FACT: NBC series Chuck has a ridiculously active fanbase.
For anyone who doesn’t know, the fans — which included critics like Alan Sepinwall and Mo Ryan — of the series helped organize a slew of “Save Chuck” campaigns last spring, including pilgrimages to Subway, a sponsor of the show, and a number of social media-related outputs. For more info on the efforts of Chuck fans see here, here and here.
FACT: The fans feel as if they had a big part in the series coming back for a third season this year on NBC and thus have some “ownership” over it.
FACT: The Chuck fans are using this “ownership” to overreact to the most recent episode, “Chuck versus the Mask.”
This week’s episode saw Chuck and Sarah, destined lovers, spy partners, hook up with other people. Just like almost every other series with a romantic relationship at the core, the writers are finding new ways to keep the two of them apart. But unlike many other series, this current way of keeping Chuck and Sarah apart actually works, since their respective new loves are actually good for their development.
But some fans are really, really, REALLY upset about this plot development. So much so that one went as far as to organize a “fan blackout” of the series in the comments of Alan Sepinwall’s post about the episode. Here’s what the person had to say:
When Chuck returns after the Olympics, no one should watch it on air. Rather we should all watch it online at Hulu or any other online service we can find. Failing that, DVR the show and watch it that way.
That way we can send a message to NBC and the producers of the show that we are still interested in the show but we are not prepared to settle for the caliber of show we saw last night. “We’re mad as hell and we’re not going to take it anymore”.
If we can bring the number of on air viewers below 1 million, the advertisers will take note. You can count on that. You can also bet the advertisers will be on the phone to NBC and the producers of Chuck. Money talks after all.
If everyone that loves the show were to watch online at Hulu, you can bet NBC would notice that too. We can send a message and still get our Chuck fix.
We need NBC to know that we love the show. We also need for NBC to know that we are disappointed.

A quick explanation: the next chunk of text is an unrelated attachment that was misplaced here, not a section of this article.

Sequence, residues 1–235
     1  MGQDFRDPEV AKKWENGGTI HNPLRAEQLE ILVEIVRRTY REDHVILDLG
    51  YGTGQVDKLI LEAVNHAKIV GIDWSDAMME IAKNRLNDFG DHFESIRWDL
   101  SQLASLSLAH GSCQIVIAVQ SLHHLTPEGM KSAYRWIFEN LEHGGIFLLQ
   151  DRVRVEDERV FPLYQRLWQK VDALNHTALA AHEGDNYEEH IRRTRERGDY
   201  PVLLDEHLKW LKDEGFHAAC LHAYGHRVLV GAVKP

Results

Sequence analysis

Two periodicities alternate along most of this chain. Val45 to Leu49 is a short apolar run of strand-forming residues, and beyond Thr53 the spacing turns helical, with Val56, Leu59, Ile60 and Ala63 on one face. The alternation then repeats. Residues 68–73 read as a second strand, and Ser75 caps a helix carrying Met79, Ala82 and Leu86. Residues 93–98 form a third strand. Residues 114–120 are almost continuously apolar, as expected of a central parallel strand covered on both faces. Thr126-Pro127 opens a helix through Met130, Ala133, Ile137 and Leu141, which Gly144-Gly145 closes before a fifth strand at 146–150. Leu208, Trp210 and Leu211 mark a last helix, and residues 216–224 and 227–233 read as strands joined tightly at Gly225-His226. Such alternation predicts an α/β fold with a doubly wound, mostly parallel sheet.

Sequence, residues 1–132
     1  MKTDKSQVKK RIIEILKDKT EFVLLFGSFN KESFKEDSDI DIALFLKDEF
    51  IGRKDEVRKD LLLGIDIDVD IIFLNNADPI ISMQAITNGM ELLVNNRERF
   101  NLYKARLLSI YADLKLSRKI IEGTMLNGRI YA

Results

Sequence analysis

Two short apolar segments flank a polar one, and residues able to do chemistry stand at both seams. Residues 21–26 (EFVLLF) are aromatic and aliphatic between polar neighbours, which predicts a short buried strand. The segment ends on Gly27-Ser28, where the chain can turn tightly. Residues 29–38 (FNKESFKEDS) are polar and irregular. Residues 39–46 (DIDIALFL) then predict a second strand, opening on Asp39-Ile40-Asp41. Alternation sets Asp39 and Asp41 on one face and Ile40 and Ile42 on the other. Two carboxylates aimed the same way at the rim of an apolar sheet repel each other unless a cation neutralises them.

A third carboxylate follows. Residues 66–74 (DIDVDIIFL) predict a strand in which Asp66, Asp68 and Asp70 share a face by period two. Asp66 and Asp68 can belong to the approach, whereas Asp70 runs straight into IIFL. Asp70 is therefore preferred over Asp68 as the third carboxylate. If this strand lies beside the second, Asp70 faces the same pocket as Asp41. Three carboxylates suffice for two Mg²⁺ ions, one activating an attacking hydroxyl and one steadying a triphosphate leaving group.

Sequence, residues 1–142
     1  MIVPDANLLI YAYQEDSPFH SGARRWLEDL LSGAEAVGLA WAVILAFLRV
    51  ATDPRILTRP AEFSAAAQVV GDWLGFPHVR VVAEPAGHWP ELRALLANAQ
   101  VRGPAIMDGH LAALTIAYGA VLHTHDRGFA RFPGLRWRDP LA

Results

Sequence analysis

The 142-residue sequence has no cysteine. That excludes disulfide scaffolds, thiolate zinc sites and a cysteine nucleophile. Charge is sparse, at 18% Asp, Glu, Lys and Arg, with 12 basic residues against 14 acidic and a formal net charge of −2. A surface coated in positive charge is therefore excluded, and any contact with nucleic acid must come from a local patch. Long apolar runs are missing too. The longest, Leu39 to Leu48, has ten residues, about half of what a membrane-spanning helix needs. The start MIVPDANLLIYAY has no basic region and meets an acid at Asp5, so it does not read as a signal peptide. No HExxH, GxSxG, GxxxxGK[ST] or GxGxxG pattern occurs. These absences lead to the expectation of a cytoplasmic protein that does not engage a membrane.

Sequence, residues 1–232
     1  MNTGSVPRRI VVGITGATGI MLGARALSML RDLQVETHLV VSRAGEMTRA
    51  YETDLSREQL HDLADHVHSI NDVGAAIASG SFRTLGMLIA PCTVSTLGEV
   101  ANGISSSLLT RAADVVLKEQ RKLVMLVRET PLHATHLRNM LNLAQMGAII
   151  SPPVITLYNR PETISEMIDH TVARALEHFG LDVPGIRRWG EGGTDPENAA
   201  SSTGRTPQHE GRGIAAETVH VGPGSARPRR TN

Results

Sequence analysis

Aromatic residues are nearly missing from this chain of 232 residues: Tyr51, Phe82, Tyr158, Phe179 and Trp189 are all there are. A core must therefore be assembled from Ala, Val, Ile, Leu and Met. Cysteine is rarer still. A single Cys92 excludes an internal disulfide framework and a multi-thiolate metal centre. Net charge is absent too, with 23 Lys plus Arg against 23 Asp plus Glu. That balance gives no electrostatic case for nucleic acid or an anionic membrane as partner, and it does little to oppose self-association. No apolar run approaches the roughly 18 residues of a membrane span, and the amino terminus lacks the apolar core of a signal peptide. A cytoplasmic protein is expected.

That’s right, this person is hoping to get fans to not watch the series so that the writers will do what THEY, the fans want. It seems that the hard work all the fans put into keeping Chuck around has caused them to feel very controlling about who is actually captaining the ship. And just as they did when they were trying to celebrate the series, Chuck fans were willing to take to the internet in hopes of spreading the word, as instances like the one on Sepinwall’s blog occurred on Mo Ryan’s as well, leading to NPR even commenting on the issue. Todd VanDerWerff sarcastically chimed in as well. Finally, executive producers Josh Schwartz and Chris Fedak had to comment as well before all this got out of control.
As the NPR article suggests, having this type of fanbase is such a double-edged sword. It was great to have these people — I hate to refer to Chuck fans like that, as I consider myself a die-hard fan of the series — back in March and April of 2009. But this week, it’s a little tougher to swallow. Criticism is one thing, but an outright boycott of the series simply because the two main characters hooked up with other people? Seriously?
Obviously, this commenter’s suggestion is so flawed it is laughable. If the small amount of people who do watch Chuck stop and the viewership dips anywhere near 1 million viewers, it will be canceled. No question. Hell, the series is on the bubble with the die-hards watching and the 6/7 million viewers it’s getting right now.
And as a fan, I’m embarrassed by such an idea. I’ve been frustrated with series before, enough so that I’ve taken to the internet to express those frustrations. But trying to tear down a series you spent so much time building up just because something doesn’t go the way you want is a disrespect to anyone who calls themselves a fan. It just is.
Chuck does not belong to the fans, despite their influence in saving it (which is still smaller than they think). It belongs to the writers, producers, actors, etc. If you’re upset with the direction, don’t watch. Write some fan-fiction where what you want to happen actually does. BUT DO NOT ask all the fellow fans to join you.
Looking forward, is this the type of thing that “cult” series have to deal with? Fans of programs feel entitled beyond belief and they eventually tune out? I could see this occurring, especially for a true shark-jumping moment, not just a roadblock in some “shipper” debate. What do these types of fans really want or hope to accomplish? Are they real fans at all? I’m not sure.